SafetyDog

Human error and Hepatitis C

In human error, Resiliency on December 31, 2011 at 4:59 pm

The investigation of how a child in Boston received Hepatitis C via cardiac surgery in which blood vessel tissue was transplanted, revealed a case of human error in reading the hepatitis status of the donor back in March.


Human error WILL occur and resilience in catching and responding to these errors is what will keep patients safe.  Resiliency is the ability of a system to adjust its functioning in the event of a mishap or under a state of continuous stress (Nemeth, Wares, Woods, Honagell & Cook, 2008).   Even after the error in reading the tissue occurred there was opportunity to prevent the error from reaching the child.  Another person who had received a kidney from the same donor tested positive for Hepatitis C but it was 11 days before a communication occurred with the Office of Blood, Organ, and Other Tissue Safety at the CDC (Conaboy, 2011, Boston Globe).  The child’s surgery was performed 3 days before the official communication but 8 days after the kidney recipient tested positive.  As soon as the first kidney recipient tested positive, the human error should have been discovered and further infections could have been prevented.  A human error occurred but system problems and communication impairments made this a larger catastrophe than it should have been.  This illustrates that while the sharp end workers are prone to human errors, the blunt end administrators can add resiliency by looking to build safer processes and systems.  Compounding this error was the fact that organs and tissues are regulated by separate agencies.  Tissue banks are overseen by the FDA and Organs by the Health Resources and Services Administration (Conaboy, 2011). The two have no protocols for sharing information. This is eerily similar to the situation prior to the 911 attacks in that the FBI and the CIA had no protocols for sharing information.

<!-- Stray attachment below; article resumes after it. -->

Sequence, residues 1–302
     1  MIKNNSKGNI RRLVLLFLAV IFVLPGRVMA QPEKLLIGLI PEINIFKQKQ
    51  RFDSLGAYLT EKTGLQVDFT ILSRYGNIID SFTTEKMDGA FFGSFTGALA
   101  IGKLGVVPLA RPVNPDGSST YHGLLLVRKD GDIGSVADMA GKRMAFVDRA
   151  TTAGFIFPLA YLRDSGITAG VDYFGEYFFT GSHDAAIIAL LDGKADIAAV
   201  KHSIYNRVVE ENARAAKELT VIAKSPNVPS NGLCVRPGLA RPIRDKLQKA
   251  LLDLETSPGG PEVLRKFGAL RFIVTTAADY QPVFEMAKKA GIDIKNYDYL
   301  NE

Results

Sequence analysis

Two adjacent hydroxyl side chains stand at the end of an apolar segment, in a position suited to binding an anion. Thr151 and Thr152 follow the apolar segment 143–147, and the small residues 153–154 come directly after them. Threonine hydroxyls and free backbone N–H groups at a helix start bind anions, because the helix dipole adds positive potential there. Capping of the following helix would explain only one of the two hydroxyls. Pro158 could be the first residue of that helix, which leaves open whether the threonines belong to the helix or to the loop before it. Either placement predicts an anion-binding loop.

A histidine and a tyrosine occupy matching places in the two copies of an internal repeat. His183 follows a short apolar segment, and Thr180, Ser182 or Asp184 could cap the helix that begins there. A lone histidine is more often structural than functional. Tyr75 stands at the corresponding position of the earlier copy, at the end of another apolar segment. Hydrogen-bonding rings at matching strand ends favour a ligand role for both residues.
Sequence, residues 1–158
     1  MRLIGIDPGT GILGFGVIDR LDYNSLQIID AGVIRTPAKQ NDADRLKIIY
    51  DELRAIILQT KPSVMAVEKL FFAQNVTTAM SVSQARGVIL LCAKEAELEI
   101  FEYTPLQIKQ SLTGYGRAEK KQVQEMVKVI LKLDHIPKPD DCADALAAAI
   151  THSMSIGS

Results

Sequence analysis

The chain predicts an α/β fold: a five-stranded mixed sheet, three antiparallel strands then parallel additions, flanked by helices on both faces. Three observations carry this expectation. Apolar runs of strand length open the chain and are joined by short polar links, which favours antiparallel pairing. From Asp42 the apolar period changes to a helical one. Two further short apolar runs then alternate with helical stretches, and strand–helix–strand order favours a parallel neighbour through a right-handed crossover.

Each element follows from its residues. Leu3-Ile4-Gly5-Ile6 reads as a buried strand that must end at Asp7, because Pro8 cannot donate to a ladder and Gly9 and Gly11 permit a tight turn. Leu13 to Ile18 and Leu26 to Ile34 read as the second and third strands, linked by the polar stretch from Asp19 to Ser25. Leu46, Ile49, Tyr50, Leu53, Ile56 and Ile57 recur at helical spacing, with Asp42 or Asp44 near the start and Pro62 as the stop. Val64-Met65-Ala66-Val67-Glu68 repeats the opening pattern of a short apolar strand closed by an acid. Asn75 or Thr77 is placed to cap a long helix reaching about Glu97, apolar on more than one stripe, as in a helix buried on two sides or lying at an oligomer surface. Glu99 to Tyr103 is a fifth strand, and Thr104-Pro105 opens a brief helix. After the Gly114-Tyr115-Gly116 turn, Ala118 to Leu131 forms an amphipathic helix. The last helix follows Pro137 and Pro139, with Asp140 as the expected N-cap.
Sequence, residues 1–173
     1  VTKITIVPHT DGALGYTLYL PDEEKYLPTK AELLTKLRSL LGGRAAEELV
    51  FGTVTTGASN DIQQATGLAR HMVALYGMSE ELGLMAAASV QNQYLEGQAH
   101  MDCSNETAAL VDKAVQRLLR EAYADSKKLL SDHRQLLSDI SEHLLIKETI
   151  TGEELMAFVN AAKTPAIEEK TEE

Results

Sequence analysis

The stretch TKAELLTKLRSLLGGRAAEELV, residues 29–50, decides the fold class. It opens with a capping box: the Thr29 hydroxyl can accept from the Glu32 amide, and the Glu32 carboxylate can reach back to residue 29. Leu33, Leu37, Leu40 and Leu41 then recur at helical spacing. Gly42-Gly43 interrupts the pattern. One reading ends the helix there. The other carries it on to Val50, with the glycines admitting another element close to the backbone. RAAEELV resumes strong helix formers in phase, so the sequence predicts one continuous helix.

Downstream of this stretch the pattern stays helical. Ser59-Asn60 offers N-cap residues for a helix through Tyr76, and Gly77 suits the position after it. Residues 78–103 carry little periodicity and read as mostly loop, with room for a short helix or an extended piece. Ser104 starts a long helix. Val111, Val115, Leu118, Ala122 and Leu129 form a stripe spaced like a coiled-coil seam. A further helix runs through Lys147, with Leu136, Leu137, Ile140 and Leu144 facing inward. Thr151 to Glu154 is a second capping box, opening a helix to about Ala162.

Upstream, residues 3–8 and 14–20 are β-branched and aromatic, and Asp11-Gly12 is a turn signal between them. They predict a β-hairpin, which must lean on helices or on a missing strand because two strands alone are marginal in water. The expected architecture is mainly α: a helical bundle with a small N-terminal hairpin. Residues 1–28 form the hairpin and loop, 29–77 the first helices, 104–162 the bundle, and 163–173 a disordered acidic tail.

This is a lesson for all in terms of the open sharing of data. We must break down silos in healthcare where they occur and increase opportunity for feedback to those in the system as to the functioning of the system whenever possible. Putting the patient at the center of all we do is a first step in identifying how and where these silos exist.  Human error will occur but monitoring the system and sharing information will create resiliency that will mitigate harm.

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